One of Osprey’s latest in the “Aircraft of the Aces” series is number 113, covering Allied pilots that shot down 5 or more V1 Flying Bombs.
This book opens with the words of the first pilot to shoot down a V1 (Flt Lt John Musgrove, in a night-fighter Mosquito) on June 16, 1944. Within minutes, 3 more V1s would be shot down that evening by other members of the same Mosquito squadron. After this exciting opening page, the reader is then guided chronologically through the story of the V1 campaign, starting with the development of the “Buzz Bomb” itself and culminating with the last V1 shot down on 28 March 1945.
Various chapters cover the ever-evolving tactics used by the RAF to counter the V1, and of course the pilots that became aces using these tactics. This was a completely different type of foe, and countering the “robot planes”, as they were initially known, required a different set of techniques. Despite the V1 being unmanned, attacking them could be quite dangerous. Over 70 pilots and navigators were killed on anti-V1 operations.
The book describes the tactics in good detail, and the is filled anecdotes describing how these were developed. For example, it was determined that the proper range to engage the V1 with guns was 200-250 yards. Further out and the attacker would only damage the control surfaces, causing the V1 to crash and possibly cause civilian casualties upon impact. Any closer and the explosion from hitting the V1’s warhead could damage or destroy the attacking aircraft. One photo shows the result of a Spitfire getting too close to an exploding V1 – the fabric on the Spitfire’s control surfaces is completely burned off. Another tactic developed successfully involved tipping the V1’s over (ideally over water) using the wingtip of the attacking fighter. In fact, the cover art of the book shows a Meteor just about to engage in such an attack. In this case, as described in detail in the pilot’s own words, the Meteor’s guns jammed forcing the pilot to resort to this method.
Most of the aircraft engaged in anti-V1 operations were by necessity the fastest in the RAF’s inventory. Mosquitos, Tempests, Spitfire XIVs and Meteors were the RAF’s primary aircraft engaged in these operations, although several pilots also became V1 aces in other aircraft. The USAAF also got into the action, and V1 aces flew P-51s, P-47s and even P-61s.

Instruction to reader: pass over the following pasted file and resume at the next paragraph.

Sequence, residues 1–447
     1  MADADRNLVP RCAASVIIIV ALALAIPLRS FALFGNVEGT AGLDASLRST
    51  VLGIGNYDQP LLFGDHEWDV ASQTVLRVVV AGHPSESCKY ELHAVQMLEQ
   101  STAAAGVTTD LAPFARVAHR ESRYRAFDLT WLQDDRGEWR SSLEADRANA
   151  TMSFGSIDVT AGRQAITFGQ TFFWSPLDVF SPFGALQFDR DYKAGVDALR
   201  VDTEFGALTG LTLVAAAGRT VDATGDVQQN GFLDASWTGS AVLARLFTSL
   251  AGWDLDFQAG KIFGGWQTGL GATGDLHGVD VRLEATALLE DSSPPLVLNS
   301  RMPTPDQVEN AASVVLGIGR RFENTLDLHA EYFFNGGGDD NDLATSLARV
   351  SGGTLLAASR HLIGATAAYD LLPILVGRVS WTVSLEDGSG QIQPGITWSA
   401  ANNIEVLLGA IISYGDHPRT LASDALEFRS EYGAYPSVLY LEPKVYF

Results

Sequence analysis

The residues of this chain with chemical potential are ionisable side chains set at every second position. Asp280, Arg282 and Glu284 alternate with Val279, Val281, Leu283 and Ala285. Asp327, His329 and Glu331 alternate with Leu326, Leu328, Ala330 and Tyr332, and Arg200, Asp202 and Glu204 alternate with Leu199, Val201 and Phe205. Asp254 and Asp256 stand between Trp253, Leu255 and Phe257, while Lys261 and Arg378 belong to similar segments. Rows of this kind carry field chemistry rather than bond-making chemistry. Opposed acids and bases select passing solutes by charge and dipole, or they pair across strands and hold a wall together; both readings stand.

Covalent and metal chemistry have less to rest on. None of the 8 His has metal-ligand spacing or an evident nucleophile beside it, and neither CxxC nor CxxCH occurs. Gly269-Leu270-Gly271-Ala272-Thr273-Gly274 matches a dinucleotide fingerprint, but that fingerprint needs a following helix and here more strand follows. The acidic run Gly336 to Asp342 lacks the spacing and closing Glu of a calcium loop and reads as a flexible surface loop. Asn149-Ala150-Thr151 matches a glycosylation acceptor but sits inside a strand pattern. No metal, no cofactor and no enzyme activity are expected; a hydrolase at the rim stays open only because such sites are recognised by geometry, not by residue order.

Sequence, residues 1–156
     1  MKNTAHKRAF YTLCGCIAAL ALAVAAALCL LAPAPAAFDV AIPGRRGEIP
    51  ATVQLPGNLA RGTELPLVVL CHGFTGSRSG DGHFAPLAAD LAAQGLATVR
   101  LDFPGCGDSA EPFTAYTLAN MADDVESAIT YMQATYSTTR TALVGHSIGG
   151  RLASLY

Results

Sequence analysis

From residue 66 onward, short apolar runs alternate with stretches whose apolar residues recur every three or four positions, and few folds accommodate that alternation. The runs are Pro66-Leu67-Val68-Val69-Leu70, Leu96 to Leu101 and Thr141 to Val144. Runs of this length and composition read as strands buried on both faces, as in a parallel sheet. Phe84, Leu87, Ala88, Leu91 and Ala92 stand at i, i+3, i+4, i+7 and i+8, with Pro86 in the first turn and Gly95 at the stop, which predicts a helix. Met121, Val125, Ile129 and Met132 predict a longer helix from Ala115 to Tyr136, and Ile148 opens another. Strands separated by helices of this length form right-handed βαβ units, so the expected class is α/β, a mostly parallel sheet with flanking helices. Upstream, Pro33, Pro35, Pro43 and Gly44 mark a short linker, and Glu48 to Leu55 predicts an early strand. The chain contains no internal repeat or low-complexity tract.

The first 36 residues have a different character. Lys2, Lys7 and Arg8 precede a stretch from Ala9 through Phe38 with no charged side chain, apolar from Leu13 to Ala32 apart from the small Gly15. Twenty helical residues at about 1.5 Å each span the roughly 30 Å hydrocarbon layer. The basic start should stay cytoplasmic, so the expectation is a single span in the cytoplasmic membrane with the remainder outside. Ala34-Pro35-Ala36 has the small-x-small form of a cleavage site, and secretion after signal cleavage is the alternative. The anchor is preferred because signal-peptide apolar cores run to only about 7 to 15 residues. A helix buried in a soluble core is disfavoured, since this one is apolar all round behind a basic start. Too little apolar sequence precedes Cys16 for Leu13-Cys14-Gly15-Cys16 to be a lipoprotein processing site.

I was amazed to read about the sheer number of V1s that were launched against England. Over 10,000 missiles were launched, and almost 2,500 of those reached their targets. Pilots were needed to counter these waves of “Buzz Bombs”, and at the same time these pilots saw the opportunity to rack up (what they thought) would be quick kills. The result was an eager force of anti-V1 aircrew. By war’s end 155 pilots became V1 aces, and an additional 44 scored some V1 kills.
As with all titles in Osprey’s “Aces” series, there are numerous color plates, all presented in side-view. A total of 36 profiles are provided, spread over 9 pages. A nice variety of aircraft are represented in these profiles, and they are of the high quality seen in other Osprey volumes.
Overall, this book was what one comes to expect from the Osprey “Aces” series. There is a good overview of the anti-V1 campaign from start to finish, interspersed with many stories about individual aces (many in their own words). This is complemented by nicely-done color plates, lots of good photos, and a few useful appendices. Highly recommend to those interested in the topic.
One final note – I noticed on the publisher’s website for this book that it is available in e-formats as well, for a lower price than the print copy. As there are a great deal of books in this series, this might be a cost-effective way to add more titles to your library!
Thanks to Osprey publishing for providing the book, and to IPMS/USA for allowing me to review it!